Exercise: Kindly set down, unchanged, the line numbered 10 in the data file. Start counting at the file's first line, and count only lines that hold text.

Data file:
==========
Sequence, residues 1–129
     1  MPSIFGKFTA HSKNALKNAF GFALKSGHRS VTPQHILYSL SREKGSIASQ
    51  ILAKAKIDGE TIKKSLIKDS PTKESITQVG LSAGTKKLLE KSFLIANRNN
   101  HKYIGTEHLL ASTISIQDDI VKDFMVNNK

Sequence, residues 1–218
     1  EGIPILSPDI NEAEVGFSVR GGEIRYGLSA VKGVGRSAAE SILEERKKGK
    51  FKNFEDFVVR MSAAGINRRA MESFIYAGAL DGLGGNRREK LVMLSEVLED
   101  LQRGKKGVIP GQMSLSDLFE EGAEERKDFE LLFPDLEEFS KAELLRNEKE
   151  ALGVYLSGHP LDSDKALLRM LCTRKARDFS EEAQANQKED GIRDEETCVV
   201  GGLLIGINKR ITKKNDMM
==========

   201  GGLLIGINKR ITKKNDMM